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Kurdistan's Covert Back-Channels

How an ex-Mossad chief, a German uberspy, and a gaggle of top-dollar GOP lobbyists helped Kurdistan snag 15 tons of $100 bills.

| Wed Apr. 11, 2007 2:00 AM EDT

Whatever the reasoning, the execution of the “Camp Z” project was problematic. In 2004, according to Israeli media reports, Michaels’ team brought in dozens of Israeli combat veterans through the Turkish-Iraqi Kurdish border, traveling on Israeli passports whose details were duly noted by Ankara. Soon the Turkish government grew alarmed that Israeli military types were moving into northern Iraq, claiming to be agriculture advisers and the like. The story made it to Israel, whose nationals are prohibited from doing business in Iraq without explicit government permission. “There is a legal state of war between Israel and Iraq,” Israeli Foreign Ministry spokesman Mark Regev told me. “It is therefore illegal for Israeli nationals to visit Iraq. Hopefully that will change one day.” But since it has not yet, the news about Michaels’ operation caused a stir; making matters worse were Michaels’ alleged feuds with his business partners over money. One disgruntled former Israeli employee went to the Israeli press in the fall of 2005, revealing with documents and photographs the extent of Michaels’ involvement in Kurdistan.

The story kicked up controversy—Israeli operations are a source of paranoid fascination in the region—and led to two separate Israeli government investigations. Exposure has also led to the necessary departure of almost all of the Israelis working for Michaels from northern Iraq. (Speculation was further fanned by Seymour Hersh’s 2004 New Yorker report that Israel is forging a “plan B” for Iraq that includes training Kurdish commandos and use them to infiltrate Iran and Syria.) One of those probes—by the Israeli ministry of defense, which wanted to know why it had never been approached for export licenses for the Israeli defense and secure communications equipment sold in northern Iraq—has since been referred to the Israeli police and “will continue as long as necessary,” police spokesman Micky Rosenfeld told me in an email last fall.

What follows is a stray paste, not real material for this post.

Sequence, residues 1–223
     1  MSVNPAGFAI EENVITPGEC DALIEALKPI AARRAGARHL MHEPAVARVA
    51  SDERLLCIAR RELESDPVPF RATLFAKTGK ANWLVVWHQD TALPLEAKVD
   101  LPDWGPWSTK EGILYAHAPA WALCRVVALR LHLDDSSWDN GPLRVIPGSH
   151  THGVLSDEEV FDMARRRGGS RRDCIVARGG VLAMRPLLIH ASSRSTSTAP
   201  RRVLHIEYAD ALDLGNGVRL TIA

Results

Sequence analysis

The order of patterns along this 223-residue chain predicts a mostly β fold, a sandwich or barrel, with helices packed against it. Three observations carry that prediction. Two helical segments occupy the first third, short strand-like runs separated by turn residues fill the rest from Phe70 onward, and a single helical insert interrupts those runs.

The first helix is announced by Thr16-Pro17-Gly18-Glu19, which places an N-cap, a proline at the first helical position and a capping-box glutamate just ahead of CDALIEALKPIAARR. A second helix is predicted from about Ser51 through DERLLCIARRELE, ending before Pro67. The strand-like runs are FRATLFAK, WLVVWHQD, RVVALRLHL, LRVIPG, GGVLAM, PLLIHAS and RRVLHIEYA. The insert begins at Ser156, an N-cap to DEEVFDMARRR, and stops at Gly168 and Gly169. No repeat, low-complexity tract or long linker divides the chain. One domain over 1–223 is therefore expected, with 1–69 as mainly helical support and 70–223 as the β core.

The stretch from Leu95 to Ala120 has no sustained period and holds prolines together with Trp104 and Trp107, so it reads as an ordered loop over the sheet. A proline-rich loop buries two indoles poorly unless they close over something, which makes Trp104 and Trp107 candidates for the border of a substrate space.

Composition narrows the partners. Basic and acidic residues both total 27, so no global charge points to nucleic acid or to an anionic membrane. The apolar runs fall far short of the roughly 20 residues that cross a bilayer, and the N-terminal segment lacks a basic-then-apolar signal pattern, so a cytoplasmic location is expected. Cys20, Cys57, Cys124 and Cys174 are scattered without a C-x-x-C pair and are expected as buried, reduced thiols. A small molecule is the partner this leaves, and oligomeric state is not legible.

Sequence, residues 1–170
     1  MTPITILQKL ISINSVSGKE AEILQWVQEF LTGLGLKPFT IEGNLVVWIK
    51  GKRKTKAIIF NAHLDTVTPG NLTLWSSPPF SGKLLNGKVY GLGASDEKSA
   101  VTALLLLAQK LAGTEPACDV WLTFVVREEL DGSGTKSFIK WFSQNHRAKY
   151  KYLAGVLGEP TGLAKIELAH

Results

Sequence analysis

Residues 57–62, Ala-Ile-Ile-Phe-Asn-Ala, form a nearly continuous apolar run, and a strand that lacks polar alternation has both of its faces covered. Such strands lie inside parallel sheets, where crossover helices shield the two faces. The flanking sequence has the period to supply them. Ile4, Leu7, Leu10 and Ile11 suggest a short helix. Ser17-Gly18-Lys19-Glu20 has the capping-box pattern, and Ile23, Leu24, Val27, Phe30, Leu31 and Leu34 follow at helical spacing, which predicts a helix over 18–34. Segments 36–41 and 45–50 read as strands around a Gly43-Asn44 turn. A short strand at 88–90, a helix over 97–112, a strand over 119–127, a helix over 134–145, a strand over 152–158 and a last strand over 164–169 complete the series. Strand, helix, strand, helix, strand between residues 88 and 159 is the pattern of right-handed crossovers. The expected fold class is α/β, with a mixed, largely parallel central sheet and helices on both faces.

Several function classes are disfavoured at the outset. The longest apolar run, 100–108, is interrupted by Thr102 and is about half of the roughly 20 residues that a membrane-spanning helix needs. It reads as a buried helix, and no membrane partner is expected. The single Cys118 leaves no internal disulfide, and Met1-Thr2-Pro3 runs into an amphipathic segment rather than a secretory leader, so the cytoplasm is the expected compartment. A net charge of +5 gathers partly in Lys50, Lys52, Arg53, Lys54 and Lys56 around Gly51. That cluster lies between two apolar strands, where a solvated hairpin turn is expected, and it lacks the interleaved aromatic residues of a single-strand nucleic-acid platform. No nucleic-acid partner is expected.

Skeptics dismiss the probe as a PR gesture aimed at the Turks, whose goodwill is critical to Israel and who resent any moves to arm the Kurds on their border In fact, notes one former senior U.S. diplomat, “Michaels said to me… he had the explicit approval of the Israeli government” for his private business activities in Kurdish Iraq. “What they were trying to do is develop influence in the Kurdish area.”

None of this activity has geopolitical implications, insists the Kurdish government’s polished young representative in Washington, Qubad Talabani, who happens to be the son of Iraq’s president, and whose family has been the historic rival of Michaels’ partners in the Barzani clan. In an interview in his offices on I Street, Talabani told me any Israeli business development activities in Kurdistan were “purely private sector activities,” and that “Kurdistan is open for business.”

As Talabani walked me out after my interview, we passed a poster advertising a new bi-weekly direct Austrian Airlines route from Vienna to Irbil, site of Michaels’ airport project—a town of 990,000 people until recently served only by regional air carriers and charter flights. “We will become the gateway to Iraq,” Talabani told me.

Plenty of non-Kurds would like to help—and make a little profit along the way. According to lobbying records, the high powered, White House-connected lobbying firm, Barbour Griffith & Rogers, LLC has earned $800,000 promoting the Kurdistan Regional Government’s interests since 2004; before hiring the firm, two U.S. sources say, Michaels had approached Jack Abramoff about representing the Kurds, but the discussions never went beyond the initial stages.

Russell Wilson, a former senior professional staffer for the House international relations committee who helped advise the Kurds on Washington representation and who was formerly listed as a non equity officer in Interop, notes that Kurdistan has many of the things the rest of Iraq lacks: “It’s safe, secure, it’s geographically rich”—features include plenty of unexplored potential oil and natural gas reserves—”and the people are extremely nice.” Wilson says it was he who recommended in the spring of 2004 that the Kurds hire Ed Rogers, a former political director in the Bush I White House, of Barbour Griffith & Rogers as their Washington lobbyist.

In the end, Yatom and Michaels’ business activities may well be evidence, as much as any covert U.S. interests, of the Kurds’ superb gamesmanship, pragmatism, and sense of opportunity—instincts honed to a fine art by a people that, lacking durable proximate allies, has learned how to cultivate the enemies of its enemies. The Mossad’s former Irbil station chief, Eliezer Geizi Tsafrir, told me that like the Israelis, the Kurds regard themselves as an historically stateless people surrounded by hostile nations. Back when Tsafrir served in Irbil, he even helped set up a Kurdish intelligence service, in cooperation with the Barzani patriarch, Mustafa Barzani. “They [the Kurds] approached us, saying they had nobody to help them in the world, and our people had suffered too,” he said. “We supplied them with cannons, guns, anti-air equipment, all sorts of equipment, and even lobbying. The contacts between us, and the sympathy, will last for generations to come.”

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